It’s a fact; eating too much sugar is bad for you. Recent research has revealed that it’s sugar and not fat that presents the greatest risk to your health. Sugar is addictive, interferes with blood glucose and insulin levels, does not satiate hunger, is toxic, and also causes systemic inflammation which can trigger a wide variety of diseases including:
- Heart disease
- Alzheimer’s and Parkinson’s disease
- Mood swings
All in all, sugar is something we need to eat much less of. While this might sound simple, avoiding sugar is much harder than it sounds because so many of today’s foods are laced with sugar. Food manufacturers know that sugar increases sales – even of savory foods!
Use these tips to help you avoid sugar…
1. Don’t drink sweetened beverages
Coffee coolers, sports drinks, sodas, many fruit juices, all are made with added sugar. Coffee coolers, for example, can contain 60 grams or even more of sugar – that’s twice your daily sugar allowance (24 grams for women and 36 grams for men – More information at “5 Reasons to Avoid Sugar”). Most regular sodas weigh in with 40 grams of sugar per can. Stick to naturally sweetened and unsweetened beverages to avoid a whole lot of sugar.
2. Skip most breakfast cereals
Almost all breakfast cereals contain lots of added sugar, even those that don’t taste very sweet like All-Bran and Corn Flakes. And as for those bowls of candy masquerading as breakfast cereal marketed for kids – they contain so much sugar they should be against the law! Oatmeal and a few other natural cereals contain no added sugar and they should be your breakfast of choice. Chocolate-flavored breakfast cereals are obviously very high in sugar and should be avoided by kids and adults alike.
Cereals is one of the “5 Most Common Weight Loss Mistakes”.
3. Avoid processed foods
Sugar is a common ingredient in processed foods such as ready meals. Why? Because sugar increases sales and also means that the meal actually tastes of something once all the natural flavors have been processed out of them! Sugar ends up in a whole host of processed foods – even savory pastries and potato chips. Cutting down on processed foods will automatically reduce your sugar intake.
4. Read food labels
Becoming more label savvy means you’ll soon learn if sugar has been added to your meals. However, you can’t just rely on the nutrition label; you’ll also need to read the ingredients too. The nutrition label lists table or white sugar but does not reflect any added sugar from other sources. For example:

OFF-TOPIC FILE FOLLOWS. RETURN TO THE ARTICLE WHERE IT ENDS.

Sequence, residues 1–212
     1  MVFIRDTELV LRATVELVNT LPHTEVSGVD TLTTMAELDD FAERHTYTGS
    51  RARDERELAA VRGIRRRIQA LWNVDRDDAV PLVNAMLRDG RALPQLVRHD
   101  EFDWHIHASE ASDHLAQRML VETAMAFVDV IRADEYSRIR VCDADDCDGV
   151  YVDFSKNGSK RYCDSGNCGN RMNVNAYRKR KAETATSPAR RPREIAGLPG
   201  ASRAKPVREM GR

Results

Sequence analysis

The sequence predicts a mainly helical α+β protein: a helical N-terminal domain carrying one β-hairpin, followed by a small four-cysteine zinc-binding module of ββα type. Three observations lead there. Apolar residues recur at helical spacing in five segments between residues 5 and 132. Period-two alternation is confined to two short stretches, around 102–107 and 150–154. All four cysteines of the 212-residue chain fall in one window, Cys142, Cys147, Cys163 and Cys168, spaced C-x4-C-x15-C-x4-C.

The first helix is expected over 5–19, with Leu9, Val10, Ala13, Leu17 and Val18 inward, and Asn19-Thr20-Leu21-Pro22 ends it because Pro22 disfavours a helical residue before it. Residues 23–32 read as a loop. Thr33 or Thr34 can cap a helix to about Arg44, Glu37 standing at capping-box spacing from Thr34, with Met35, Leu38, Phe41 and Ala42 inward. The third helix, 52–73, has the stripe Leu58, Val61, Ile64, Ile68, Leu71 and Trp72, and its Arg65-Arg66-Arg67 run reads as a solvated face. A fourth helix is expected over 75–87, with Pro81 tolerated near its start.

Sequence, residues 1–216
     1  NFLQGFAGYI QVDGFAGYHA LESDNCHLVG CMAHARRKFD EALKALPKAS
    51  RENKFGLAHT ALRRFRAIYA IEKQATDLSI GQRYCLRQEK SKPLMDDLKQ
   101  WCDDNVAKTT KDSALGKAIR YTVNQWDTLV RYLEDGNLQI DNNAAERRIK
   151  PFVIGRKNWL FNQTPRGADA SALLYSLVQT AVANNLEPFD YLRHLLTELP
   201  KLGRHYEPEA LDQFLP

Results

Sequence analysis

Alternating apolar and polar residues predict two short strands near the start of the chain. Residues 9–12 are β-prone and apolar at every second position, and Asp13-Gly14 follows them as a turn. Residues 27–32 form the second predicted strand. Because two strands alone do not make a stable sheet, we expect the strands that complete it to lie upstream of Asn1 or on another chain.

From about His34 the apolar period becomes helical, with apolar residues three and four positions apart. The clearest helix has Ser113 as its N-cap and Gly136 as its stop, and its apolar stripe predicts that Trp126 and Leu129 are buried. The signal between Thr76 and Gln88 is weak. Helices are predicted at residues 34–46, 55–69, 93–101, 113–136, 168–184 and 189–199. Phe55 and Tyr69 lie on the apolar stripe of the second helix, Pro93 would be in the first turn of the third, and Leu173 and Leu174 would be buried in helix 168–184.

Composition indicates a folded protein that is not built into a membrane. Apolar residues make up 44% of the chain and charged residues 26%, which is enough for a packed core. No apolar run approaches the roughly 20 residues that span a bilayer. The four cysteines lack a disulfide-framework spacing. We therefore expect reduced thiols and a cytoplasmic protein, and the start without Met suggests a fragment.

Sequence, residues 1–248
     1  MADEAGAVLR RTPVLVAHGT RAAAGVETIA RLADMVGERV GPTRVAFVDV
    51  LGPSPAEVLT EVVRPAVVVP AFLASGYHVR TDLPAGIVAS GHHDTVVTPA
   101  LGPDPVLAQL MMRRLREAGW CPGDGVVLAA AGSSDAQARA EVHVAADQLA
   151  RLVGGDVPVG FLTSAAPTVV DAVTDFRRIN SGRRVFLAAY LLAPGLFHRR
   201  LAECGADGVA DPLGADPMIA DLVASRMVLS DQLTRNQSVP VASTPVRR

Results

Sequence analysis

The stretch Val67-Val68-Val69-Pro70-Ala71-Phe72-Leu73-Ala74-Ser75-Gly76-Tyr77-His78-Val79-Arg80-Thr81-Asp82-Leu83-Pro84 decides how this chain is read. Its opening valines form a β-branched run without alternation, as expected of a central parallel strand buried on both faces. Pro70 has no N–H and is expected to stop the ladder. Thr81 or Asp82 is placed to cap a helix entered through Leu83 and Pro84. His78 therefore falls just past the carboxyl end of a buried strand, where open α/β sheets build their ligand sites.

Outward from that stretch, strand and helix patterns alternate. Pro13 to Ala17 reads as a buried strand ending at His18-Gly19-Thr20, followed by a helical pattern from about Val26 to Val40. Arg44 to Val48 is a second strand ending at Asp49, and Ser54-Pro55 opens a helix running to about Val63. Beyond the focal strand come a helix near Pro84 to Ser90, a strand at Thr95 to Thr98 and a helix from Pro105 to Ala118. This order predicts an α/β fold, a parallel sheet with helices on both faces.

- Agave nectar
- Evaporated cane juice
- Malt syrup
- Brown sugar
- Maple syrup
- Cane crystals
- Fruit juice concentrates
- Cane sugar
- Glucose Raw sugar
- Corn sweetener
- High-fructose corn syrup
- Corn syrup
- Crystalline fructose
- Invert sugar
All of these names indicate that sugar has been added to the food you are eating but will not be reflected on the nutrition label as none are table sugar – otherwise known as sucrose.
5. Stop snacking on candy
Candy, chocolate, sweets – they might taste good but they are overloaded with sugar. Some sweets are virtually pure sugar and contain absolutely no other nutrients. These foods are nothing but empty calories that provide energy and nothing else. Not only that, they often lead to more hunger only shortly after having eaten them!
When you eat a concentrated source of sugar, your body produces insulin to deal with the inevitable spike in blood glucose. Insulin then allows the glucose out of your blood and into your liver and muscle cells.
The trouble is, the more sugar you eat, the more insulin your body produces and the more likely you are to suffer low blood glucose soon after. Low blood glucose increases your cravings for sugar and then it’s the same process all over again…
Eat lots of sugar -> Increase blood glucose -> Insulin produced in large amounts ->blood glucose levels fall -> Crave more sugar _> Eat lots of sugar etc.
Instead of snacking on sugar-laden sweets, eat low-sugar foods such as raw vegetables, nuts and seeds, boiled eggs, cooked meats, and vegetable smoothies. If you really need the taste of something sweet, eat some fruit.
Reaching for sugary snacks only leads to eating more and more and MORE sugar so it is very important that you break this cycle and get off the sugar rollercoaster.
Cutting down on your sugar intake can have a very beneficial effect on your health – your dentist will be happy too! A little sugar is okay but most people eat far more than just a small amount. Sugar is an anti-nutrient in that it contains no vitamins or minerals but requires a lot of these substances to breakdown and digest properly. This is why so many people who eat a lot of sugar also have symptoms of malnourishment. Gradually weaning yourself of sugar to start looking and feeling healthier!
What about honey?
Is it a natural sugar as in fruits?
Thanks for your comment
Honey is natural sweetener containing vitamins, minerals and high in fructose. It has a lot of healthy effects when used in moderation. But not all honey is natural, in fact 75 percent of the honey on American supermarket shelves may be ultra-processed. When buying honey be sure it’s raw, unfiltered, and 100% pure, and from a trusted source. Hope I’ve helped. Have a great day.
What about dates? Can you include them in the diet?
I don’t like the idea of banning food. You can have all the food you want, the goal here is “I can have all the food I want but I decided not to, because I want to reduce my added sugar intake and lose weight”. In my 20 No-Sugar days challenge, we want to reduce as much as possible all the foods high on sugar so we get rid of our sugar addiction. Try in this period to choose not to have high sugar foods, after this 20 days you’ll be able to naturally select low sugar foods. Have a great day,
Is Sugar Free Jello/Pudding allowed during the 20 day cleanse?